Dear Councillor Freer,
I am writing you an open letter regarding the current Future Shape of the Council discussions. I am hopeful that you will read this letter and be prepared to accept some constructive input regarding the process.
Given the importance of this process for many residents of the Borough and the huge implications of any poor decisions regarding the future of the council, there can be no argument that it is in everyone's interest for the right decisions to be made. As the Conservative group on the council has a working majority, in effect this means that the opportunity is there to impose whatever they decide, regardless of the quality of the decision.
Although the various stakeholders affected by these decisions will all have different views on "the best way to do things", the dominant position of the Conservative Council allows for the process to be implemented in a manner of their choosing. As with any tough decision, there are two ways this can be done.Decisions can be taken in secret huddles, behind closed doors, using the majority block to "rubber stamp" the decisions. The alternative is to hold genuine, open, honest discussions where outcomes are not prejudged and decisions are not foregone conclusions. Input from stakeholders into the process may give valuable insights, which Councillors in darkened rooms, far removed from the nuts and bolts of the daily functioning of a department may be unaware.
It seems to me that an open and honest process with input from all sides being welcomed is far more likely to result in an efficient, well run and capable Council. If the proponents of outsourcing can make a strong case that can withstand proper public scrutiny, then this is far more likely to be a successful project than one devised and delivered in secret. I cannot see why a council should be so scared of input that it is worried about holding open discussions and public consultations. If organisations such as the trades unions, the opposition and the public in general make observations, the comments either have merit and can be shown to have merit or are fatuous and can be shown to be fatuous. Ultimately input from critics can only strengthen a process and remove obvious pitfalls. It may well be that 90% of the input is ignored, but if the 10% you adopt improves the process and saves money, surely the process of consultation has been justified.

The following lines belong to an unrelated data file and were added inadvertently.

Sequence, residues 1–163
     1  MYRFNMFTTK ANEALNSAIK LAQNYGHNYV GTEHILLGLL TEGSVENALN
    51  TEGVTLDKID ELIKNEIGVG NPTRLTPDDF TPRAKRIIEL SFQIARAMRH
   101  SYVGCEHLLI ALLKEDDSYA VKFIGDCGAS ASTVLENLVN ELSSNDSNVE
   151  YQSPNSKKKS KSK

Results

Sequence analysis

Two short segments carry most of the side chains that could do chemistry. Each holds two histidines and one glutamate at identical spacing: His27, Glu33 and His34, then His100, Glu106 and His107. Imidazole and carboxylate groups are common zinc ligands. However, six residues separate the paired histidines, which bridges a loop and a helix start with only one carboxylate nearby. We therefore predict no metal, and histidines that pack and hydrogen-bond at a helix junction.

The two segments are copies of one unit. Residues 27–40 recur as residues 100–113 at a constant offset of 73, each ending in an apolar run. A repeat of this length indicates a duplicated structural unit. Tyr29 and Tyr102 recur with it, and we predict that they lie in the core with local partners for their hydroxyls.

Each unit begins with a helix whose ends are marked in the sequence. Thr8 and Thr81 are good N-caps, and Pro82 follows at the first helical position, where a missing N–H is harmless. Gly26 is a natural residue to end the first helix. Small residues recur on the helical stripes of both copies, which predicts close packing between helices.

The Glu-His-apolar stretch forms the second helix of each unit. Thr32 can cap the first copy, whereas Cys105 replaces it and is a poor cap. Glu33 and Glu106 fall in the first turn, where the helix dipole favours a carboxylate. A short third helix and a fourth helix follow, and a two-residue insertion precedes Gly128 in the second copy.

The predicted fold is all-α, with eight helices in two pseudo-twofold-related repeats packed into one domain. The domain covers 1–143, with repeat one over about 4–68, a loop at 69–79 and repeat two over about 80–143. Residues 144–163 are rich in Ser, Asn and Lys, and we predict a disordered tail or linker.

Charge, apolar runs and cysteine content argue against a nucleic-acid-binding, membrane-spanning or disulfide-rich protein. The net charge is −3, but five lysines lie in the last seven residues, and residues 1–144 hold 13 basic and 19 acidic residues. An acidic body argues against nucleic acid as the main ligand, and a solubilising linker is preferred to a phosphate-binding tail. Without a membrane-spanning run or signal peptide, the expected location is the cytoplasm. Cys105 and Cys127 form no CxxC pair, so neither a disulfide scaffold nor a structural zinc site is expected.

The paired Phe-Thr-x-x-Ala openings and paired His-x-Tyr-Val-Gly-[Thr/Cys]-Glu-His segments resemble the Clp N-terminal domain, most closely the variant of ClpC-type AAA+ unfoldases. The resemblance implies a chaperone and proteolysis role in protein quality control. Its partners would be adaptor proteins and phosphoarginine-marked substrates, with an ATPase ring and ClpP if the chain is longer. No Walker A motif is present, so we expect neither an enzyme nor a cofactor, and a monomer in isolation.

There is a great fear in the borough, not just on the left, that decisions have been made for ideological reasons, behind closed doors and will be steamrollered through Council. If this is not the case, then prove it by opening up the debate and having proper scrutiny. If it is the case, there is a strong likelyhood that the process will fail and cost the hard pressed taxpayers of Barnet even more money and deliver a poorer quality of service to the most vulnerable people in the Borough.
I cannot believe that an open, honest and modern leader of a London Council would wish to implement a flawed process so please consider the points I have made and open this process up to proper scrutiny. Please allow all affected stakeholders a fair say in the proceedings and do not make any decisions until all of the facts have been considered and the best case options identified.
Just two things I'd pick up.
Firstly, this is not going to be lead by Councillors. At huge cost consultants are going to dream up Pie in the Sky proposals. By the time it reaches Councillors it will be too late make substantial changes.
The principles of this project should have been the subject of full public debate and a massive exercise by the Council's Scrutiny function. Days of day long hearings should have been taken place waying up evidence from elsewhere and expert witnesses called.